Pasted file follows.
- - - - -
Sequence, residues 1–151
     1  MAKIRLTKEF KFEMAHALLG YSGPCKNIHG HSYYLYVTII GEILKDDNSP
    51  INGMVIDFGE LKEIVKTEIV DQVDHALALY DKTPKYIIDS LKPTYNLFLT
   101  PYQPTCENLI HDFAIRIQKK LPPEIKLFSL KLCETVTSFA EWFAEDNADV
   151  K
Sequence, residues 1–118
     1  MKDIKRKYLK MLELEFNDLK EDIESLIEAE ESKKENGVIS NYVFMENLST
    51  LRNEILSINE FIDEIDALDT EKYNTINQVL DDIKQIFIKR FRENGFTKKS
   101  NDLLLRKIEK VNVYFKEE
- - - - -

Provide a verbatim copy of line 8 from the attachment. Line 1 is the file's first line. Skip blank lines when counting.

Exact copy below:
    51  LRNEILSINE FIDEIDALDT EKYNTINQVL DDIKQIFIKR FRENGFTKKS